Compare and Constrast: Improving 1st Year Science Paper

In this blog post I will go over the typical format of a first year scientific paper. This sort of paper includes only a short introduction, a figure, and a results ‘paragraph’. A ‘paragrapgh’ can be anything from a couple of sentences to a page and a half long and drescibes the methods of your experiment. This usually includes the types of chemicals used, the statistical tests, and conclusions from the experiment.

If that’s vague and unhelpful, then I’m doing my job. Academic papers in the sciences vary so much in color and form, you’ll learn to deal with very abstract concepts even in how to present your results. It gets easier with practice:

Enriched social environment has positive neurogenesis effect on Procambarus clarkii

Procambarus clarkii is a species of crayfish which continuously grows throughout its life. As an invertebrate, it has an exoskeleton that is replaced as it increases in size. As it increases in size, so does its brain. In certain regions of the brain, named cell clusters 9 and 10, new neurons are added throughout the animal’s life. It has been found by several scientists that neurogenesis can be affected by several factors, including richness of the environment. In this experiment we explore this concept.

Results

null

Our hypothesis was that the crayfish in the more enriched social environment will have more neurons than crayfish in isolated monotonous environments. In this experiment, Crayfish A and B were injected with bromodeoxyurirdine (BrdU) and allowed to grow and interact in an enriched environment (A) and an isolated environment (B). There were 5 identical crayfish in these two situations. These crayfish were allowed to grow to adulthood then sacrificed; their brains sliced to be analyzed on a confocal microscope using Lecia software. This software highlights new brain lesions with three different stains: BrdU is green, glutamine synthatase in blue, and PPI in red. Bromodeoxyurdine (BrdU) was a breakthrough nucleoside that can stand in for thymidine (T) during DNA replication. As cells replicate, they use BrdU instead of thymidine to replicate their genomes. It has traditionally been used in the medical community to trace the development of cancer. It is a nucleoside that stays with the patient for life and goes everywhere in the body. There was a clear trend that sections of Crayfish A were more densely populated by neural precursor cells and new neurons than Crayfish B. To test if this difference was significant, the averages of the neural cells were given to the t-test which found it to be more significant than chance would allow.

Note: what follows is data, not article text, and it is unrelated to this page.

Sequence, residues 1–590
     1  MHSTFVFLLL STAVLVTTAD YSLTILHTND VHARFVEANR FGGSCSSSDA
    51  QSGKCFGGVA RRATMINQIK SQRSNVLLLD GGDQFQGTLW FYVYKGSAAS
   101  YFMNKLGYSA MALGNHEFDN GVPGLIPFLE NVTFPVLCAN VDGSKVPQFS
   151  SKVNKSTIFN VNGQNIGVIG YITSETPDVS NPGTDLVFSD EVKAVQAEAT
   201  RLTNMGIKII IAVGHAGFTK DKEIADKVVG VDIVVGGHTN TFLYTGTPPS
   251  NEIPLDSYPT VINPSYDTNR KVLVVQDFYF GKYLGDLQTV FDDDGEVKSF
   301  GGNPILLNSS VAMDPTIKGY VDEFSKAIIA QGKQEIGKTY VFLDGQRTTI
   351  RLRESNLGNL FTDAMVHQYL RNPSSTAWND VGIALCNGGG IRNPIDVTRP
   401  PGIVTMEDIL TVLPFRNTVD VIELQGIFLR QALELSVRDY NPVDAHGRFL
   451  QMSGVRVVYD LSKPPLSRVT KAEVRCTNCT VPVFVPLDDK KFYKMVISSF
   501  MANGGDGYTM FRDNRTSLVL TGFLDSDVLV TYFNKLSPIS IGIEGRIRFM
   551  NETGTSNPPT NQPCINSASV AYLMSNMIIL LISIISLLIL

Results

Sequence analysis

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3.75/10

I still wouldn’t have passed this paper even if they doubled my score.

Why such a terrible score you ask? The meat of the paper lies in the figure drawing, but it doesn’t say much on its own. In my original paper, it printed incorrectly and took out what little I had in the chart’s legend fell off. But even then, I didn’t use the correct terms for the immature neurons by calling them ‘new neurons’ instead of ‘immature neurons’ or ‘neuronal precursor cells’. Thankfully, my professor allowed for me to redo my paper.

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Enriched social environment has positive neurogenesis effect on Procambarus clarkii

Procambarus clarkii is a species of crayfish which continuously grows throughout its life. As an invertebrate, it has an exoskeleton that is replaced as it increases in size. As it increases in size, so does its brain. In certain regions of the brain, named cell clusters 9 and 10, new neuronal precursors cells are added throughout the animal’s life. It has been found by several scientists that neurogenesis can be affected by several factors, including the enrichment of its environment. In this experiment we explore this concept.

Results

null

Our hypothesis was that the crayfish in the more enriched social environment would have more neurons than crayfish in isolated monotonous environments. In this experiment, Crayfish A and B were subjected to oxygenated water with 2mg/mL bromodeoxyurirdine (BrdU) in pond water for 12 hours and allowed to grow and interact in an enriched environment (A) and an isolated environment (B). There were 8 identical crayfish in these two situations. These crayfish were then sacrificed; their brains sliced and fixed with paraformaldehyde and then treated with antibodies using immunocytochemistry methods to fluorescently tagged BrdU to be analyzed on a confocal microscope using Lecia software. This software highlights new brain lesions with three different stains: BrdU is green, glutamine synthatase in blue, and PPI in red. Bromodeoxyurdine (BrdU) was a breakthrough nucleoside that can stand in for thymidine (T) during DNA replication. As cells replicate, they use BrdU instead of thymidine to replicate their genomes. It has traditionally been used in the medical community to trace the development of cancer. It is a nucleoside that stays with the patient for life and goes everywhere in the body. There was a clear trend that sections of Crayfish A were more densely populated by neural precursor cells and new neurons than Crayfish B.

To test if this difference was significant, the data sets of the precursor neural cells in each brain region were compared to see the chance that the two independent groups of data is solely due to chance. So, for a highly replicatable experiment, p will be extremely small. If Niche A p= 0.249, then 75.1% of all experiments will have similar results.

9/10

Notice how much more specific I am in this paper as compared to the last. I even attempted to explain the statistical tests that were used. But my results paragraph pale in comparison to my new and improved figure: the key is including as much non-repeating, detailed data as possible.

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